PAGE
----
FDA Urged to Ban 'Dangerous' Alzheimer's Drug

Aricept is currently used to treat Alzheimer's disease.A consumer advocacy group and professor of geriatric medicine are urging the Food and Drug Administration to yank the strongest dosage of a popular Alzheimer's medication from the market, because they're concerned that it is dangerous and ineffective.

Donepezil, which is marketed by Eisai and Pfizer under the brand name Aricept, has been approved by the FDA in 5 to 10 milligram (mg) doses for patients with mild to moderate cases of Alzheimer's disease, and doses of 10 to 23 mg for patients with moderate to severe Alzheimer's.In a petition to the FDA, Public Citizen is calling on the agency to immediately pull the 23 mg dose from the market due to the risk of "serious adverse effects" and its lack of efficacy. The group was joined by co-petitioner Dr. Thomas Finucane, a professor of medicine in the division of Gerontology and Geriatric Medicine at The Johns Hopkins University School of Medicine and a staff physician at the Johns Hopkins Bayview Medical Center.

"Data show that the 23-mg dose of donepezil is significantly more toxic than the 10-mg dose," Dr. Sidney Wolfe, director of Public Citizen's Health Research Group, said in a statement. "Combined with its lack of improved clinical benefits, this leads to only one conclusion: that the 23-mg dose should be immediately withdrawn from the market."

Compared to the 10-mg dose, Wolfe said, adverse side effects of Aricept 23 mg include a lower pulse rate, nausea, vomiting, diarrhea, urinary incontinence, fatigue, dizziness, agitation, confusion and anorexia. Vomiting -- which occurred more than 3.5 times as often in patients taking the 23-mg dose -- is especially dangerous for Alzheimer's patients, Wolfe added, since it can result in pneumonia, massive gastrointestinal bleeding, esophageal rupture and death.

In addition to having the 23-mg dose of Aricept pulled from pharmacy shelves, Public Citizen also wants the FDA to warn doctors and patients against taking 20 mg (two 10-mg pills) of the drug a day.

"We are aware of the petition, and it is important to note the 23 mg of Aricept has been approved by the FDA for the treatment of moderate to severe AD [Alzheimer's disease]," Marcia Diljak, an Eisai spokeswoman told Consumer Ally.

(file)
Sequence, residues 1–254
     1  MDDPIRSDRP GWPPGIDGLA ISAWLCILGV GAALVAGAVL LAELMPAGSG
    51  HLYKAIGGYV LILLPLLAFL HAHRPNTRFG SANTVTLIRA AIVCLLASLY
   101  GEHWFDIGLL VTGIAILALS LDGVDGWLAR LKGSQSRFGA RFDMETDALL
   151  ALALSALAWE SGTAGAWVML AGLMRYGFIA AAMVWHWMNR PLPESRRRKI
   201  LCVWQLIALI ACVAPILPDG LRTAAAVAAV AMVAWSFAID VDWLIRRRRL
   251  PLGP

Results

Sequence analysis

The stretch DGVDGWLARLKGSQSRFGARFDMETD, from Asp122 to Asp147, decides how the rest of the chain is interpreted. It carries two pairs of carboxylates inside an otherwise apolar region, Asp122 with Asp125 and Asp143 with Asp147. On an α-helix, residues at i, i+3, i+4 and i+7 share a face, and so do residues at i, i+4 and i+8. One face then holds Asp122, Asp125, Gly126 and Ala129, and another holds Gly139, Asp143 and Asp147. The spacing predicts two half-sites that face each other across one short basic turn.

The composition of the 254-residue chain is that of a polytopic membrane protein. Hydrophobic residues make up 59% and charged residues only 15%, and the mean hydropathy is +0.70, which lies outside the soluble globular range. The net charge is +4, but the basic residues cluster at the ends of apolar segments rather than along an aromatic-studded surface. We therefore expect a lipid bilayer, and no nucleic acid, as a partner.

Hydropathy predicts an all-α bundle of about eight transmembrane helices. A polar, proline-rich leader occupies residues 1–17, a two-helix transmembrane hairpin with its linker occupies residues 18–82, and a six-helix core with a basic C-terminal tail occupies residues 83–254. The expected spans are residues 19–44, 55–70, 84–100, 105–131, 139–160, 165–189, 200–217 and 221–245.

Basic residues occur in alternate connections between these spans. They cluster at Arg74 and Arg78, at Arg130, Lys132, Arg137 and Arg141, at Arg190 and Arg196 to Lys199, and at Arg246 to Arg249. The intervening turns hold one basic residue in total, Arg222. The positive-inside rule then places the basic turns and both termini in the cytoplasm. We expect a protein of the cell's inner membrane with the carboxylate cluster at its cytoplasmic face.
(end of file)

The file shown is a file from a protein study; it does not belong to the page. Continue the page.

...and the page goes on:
Dr. Finucane attributes Aricept's "multibillion-dollar success" to the desperation of family members caring for someone with Alzheimer's and the "relentless promotional campaign" for a drug he says should never have been approved in a 23-mg dose.

"When clinicians consider whether to initiate a therapeutic trial of a largely ineffective drug, the risk of harm should be a prominent consideration," Dr. Finucane said in a statement. "The clearly increased risk of harm from Aricept 23 mg compared to Aricept 10 mg is so great, coupled with the lack of any evidence of improved benefit, that I believe it should not have been approved for sale to the families and caregivers of Alzheimer patients."

Public Citizen says the sole clinical trial of Aricept 23 mg submitted to the FDA failed to prove it was more effective than the 10-mg dose. Three out of four tests found no significant difference between the 10- and 23-mg doses, and in the fourth test, the 23-mg dose bettered the 10-mg dose by just two points on a 100-point scale.

Alzheimer's patients stopped taking Aricept 23 mg due to harmful side effects at more than double the rate of those taking the 10-mg dose, Wolfe noted. And because of the drug's "very long" half-life, he added, it remains in patients' systems for approximately two weeks -- potentially delaying relief from adverse effects for those who stop taking the drug.

"With no evidence of an added advantage in benefit to patients, the clear increase in risk should have been more than adequate grounds for denying approval, a conclusion reached by both the FDA medical officer and statistician," Wolfe said. "It is inexcusable that the FDA approved this higher dose. Its prompt removal would belatedly fulfill the agency's mission to allow only drugs whose benefits outweigh their risks to be marketed."
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